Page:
7. Click the Submit Request button to finish. You should get a notification informing you that the URL has been added for removal. If that particular URL had already been removed, you’ll get a notification on the same.
8. The URL will now appear in the removal queue with a Pending Status. Should you want to cancel request, do it before the Pending status changes to Removed.
If you happen to enter an invalid URL as I did myself a couple of times, the status will change to Expired after a few days. So take note of the URL after it queues it for removal.
9. Now just repeat this process for the mobile and desktop URL variations if they’re indexed too.
If you’re not sure, it won’t hurt removing them as well (this is what I had ignored and for a week or two I was under the false impression that Google was “refusing” to remove some of my URLs).
10. Now just give it 24 hours or some few days and the URLs status will change to Removed.
If they’re returning 404s they should be gone permanently. On the other hand, if this was just a temporary measure, you can return them back to the search results by clicking the Reinclude button.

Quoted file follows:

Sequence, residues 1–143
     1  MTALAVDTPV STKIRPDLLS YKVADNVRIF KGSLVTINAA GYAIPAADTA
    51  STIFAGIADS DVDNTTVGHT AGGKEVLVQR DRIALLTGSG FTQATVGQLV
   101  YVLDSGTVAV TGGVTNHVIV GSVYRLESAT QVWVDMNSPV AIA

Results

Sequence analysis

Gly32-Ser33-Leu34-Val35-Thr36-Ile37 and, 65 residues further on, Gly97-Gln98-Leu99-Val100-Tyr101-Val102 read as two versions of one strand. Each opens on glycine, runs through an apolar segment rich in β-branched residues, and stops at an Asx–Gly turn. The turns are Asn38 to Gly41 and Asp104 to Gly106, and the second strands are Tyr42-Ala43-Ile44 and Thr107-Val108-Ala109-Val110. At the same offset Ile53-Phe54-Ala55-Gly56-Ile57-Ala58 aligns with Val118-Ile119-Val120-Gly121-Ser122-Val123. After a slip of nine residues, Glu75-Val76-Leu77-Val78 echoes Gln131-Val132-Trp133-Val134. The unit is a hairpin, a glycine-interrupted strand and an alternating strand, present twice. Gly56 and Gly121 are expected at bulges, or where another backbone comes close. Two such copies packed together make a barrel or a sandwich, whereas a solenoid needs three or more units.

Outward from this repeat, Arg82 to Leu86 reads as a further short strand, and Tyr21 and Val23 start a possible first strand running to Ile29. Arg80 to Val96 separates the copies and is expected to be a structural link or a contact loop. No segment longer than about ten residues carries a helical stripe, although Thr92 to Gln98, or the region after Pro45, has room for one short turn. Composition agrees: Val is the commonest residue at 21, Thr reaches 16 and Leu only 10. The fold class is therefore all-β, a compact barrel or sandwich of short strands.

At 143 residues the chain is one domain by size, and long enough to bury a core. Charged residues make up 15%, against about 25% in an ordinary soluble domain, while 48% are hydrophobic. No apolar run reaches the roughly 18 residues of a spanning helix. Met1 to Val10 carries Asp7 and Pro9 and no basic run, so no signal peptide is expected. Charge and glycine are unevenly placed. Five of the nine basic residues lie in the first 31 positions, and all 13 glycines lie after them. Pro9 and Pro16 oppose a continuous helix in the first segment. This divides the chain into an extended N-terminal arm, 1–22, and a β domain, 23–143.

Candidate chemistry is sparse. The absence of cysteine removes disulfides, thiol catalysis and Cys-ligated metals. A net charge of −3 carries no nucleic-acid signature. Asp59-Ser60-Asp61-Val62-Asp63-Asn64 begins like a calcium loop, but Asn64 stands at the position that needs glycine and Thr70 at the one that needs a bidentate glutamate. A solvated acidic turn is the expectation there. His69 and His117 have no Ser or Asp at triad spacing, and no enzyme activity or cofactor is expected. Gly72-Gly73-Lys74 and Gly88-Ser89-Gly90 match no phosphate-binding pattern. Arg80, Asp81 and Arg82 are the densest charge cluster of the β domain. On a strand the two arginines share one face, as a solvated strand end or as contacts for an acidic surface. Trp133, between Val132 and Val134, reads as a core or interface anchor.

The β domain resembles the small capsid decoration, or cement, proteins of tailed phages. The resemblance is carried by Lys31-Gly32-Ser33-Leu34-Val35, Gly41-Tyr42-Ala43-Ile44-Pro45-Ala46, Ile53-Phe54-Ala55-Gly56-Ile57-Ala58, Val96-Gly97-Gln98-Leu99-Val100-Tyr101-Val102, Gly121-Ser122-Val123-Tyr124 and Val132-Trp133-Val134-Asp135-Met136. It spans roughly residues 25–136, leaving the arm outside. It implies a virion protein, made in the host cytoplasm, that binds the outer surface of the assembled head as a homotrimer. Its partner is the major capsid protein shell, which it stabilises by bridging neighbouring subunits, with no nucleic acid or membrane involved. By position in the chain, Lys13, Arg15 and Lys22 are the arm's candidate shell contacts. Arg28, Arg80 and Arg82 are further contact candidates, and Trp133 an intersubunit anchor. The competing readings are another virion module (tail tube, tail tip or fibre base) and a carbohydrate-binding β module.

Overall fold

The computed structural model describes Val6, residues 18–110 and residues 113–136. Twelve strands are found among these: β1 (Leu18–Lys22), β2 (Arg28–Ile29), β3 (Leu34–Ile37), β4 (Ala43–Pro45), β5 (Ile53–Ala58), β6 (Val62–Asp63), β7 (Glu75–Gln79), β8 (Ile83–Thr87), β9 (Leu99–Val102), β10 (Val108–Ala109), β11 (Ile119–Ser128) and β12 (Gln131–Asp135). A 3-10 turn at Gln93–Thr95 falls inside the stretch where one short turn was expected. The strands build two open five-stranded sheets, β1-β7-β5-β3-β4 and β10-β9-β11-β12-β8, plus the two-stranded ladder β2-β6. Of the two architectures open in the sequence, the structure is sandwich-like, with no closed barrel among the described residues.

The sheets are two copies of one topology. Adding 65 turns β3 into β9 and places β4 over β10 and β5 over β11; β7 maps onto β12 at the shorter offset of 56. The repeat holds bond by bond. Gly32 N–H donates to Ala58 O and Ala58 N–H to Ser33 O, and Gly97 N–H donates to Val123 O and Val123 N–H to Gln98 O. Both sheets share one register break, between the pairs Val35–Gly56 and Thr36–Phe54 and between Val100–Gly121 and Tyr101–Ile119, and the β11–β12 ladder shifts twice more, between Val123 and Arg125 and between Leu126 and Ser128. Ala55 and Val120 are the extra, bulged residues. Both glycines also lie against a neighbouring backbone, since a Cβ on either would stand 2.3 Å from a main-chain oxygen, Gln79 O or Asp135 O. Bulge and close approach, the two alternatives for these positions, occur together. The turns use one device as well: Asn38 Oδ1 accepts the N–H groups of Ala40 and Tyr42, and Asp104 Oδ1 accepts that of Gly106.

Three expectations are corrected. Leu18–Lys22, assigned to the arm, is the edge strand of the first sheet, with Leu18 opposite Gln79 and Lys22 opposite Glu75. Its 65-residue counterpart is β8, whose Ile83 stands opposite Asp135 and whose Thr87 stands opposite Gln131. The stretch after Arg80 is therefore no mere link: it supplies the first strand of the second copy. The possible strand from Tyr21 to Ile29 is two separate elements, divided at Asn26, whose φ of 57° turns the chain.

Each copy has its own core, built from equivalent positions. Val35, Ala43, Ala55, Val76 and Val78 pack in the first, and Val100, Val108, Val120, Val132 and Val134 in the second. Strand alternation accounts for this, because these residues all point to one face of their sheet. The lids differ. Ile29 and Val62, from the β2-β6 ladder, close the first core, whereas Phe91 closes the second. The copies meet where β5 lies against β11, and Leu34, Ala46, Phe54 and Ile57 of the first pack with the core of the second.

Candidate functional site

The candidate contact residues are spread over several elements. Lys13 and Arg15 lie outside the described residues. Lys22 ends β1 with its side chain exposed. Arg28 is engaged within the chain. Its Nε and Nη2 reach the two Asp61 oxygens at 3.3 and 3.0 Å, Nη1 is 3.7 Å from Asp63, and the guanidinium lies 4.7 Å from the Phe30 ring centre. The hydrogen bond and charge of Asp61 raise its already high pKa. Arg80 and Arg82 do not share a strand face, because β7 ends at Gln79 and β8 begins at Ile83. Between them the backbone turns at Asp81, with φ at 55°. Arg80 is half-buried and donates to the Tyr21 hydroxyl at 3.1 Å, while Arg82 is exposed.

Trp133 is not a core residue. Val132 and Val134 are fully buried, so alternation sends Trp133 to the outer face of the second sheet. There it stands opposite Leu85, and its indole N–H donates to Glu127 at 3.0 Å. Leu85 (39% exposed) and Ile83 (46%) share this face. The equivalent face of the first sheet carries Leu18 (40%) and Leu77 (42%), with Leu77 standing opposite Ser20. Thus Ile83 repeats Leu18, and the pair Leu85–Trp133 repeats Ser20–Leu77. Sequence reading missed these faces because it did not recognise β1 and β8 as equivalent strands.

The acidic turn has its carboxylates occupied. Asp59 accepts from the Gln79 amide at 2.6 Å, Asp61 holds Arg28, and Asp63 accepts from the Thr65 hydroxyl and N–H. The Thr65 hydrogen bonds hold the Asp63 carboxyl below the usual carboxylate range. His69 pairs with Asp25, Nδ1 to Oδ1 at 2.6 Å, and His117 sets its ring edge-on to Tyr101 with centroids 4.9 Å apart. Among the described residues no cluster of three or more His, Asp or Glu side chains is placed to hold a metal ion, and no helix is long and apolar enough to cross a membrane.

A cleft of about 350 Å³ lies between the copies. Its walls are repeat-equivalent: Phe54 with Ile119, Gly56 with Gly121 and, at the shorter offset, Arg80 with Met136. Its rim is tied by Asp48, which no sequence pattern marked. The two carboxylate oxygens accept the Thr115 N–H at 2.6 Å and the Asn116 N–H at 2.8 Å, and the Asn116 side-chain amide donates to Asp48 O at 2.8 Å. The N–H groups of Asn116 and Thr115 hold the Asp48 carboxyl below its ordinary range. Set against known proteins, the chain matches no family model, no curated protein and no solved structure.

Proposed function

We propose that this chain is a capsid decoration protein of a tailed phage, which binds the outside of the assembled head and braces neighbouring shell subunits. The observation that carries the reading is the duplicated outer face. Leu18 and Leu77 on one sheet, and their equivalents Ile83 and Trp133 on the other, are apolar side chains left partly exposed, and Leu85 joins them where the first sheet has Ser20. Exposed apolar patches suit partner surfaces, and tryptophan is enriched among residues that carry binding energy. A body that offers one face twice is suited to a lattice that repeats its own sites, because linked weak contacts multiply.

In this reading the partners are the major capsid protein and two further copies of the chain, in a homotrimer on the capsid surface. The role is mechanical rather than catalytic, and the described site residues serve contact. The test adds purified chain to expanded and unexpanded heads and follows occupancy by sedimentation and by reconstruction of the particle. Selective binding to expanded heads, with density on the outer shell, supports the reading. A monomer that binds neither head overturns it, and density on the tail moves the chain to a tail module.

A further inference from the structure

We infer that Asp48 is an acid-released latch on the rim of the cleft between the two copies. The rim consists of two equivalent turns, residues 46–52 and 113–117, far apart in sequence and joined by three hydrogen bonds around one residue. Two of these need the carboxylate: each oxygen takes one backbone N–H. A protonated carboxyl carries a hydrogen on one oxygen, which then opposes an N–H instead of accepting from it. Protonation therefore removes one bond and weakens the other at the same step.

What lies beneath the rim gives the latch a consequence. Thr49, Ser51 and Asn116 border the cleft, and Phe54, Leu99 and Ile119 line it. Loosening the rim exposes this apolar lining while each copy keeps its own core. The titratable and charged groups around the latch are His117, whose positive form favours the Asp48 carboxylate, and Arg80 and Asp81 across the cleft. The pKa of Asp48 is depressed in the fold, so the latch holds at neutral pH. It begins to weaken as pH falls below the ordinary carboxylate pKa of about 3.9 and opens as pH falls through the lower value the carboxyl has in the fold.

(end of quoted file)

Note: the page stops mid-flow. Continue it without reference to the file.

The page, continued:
A few days after after doing this for your deleted pages, you’ll start getting messages on your Search Console/Email regarding new coverage issues. These issues will be the new 404s the bots are getting and search console will alert you in hope of you fixing them. Don’t do this.
If you mark them as fixed, you’d be telling Google that the pages still exist which is not the case and this will merely result in an endless cycle of you being prompted to fix said URLs.
Just leave them as they are and over time Google will figure out the pages are not missing by mistake and therefore should be removed permanently from their index.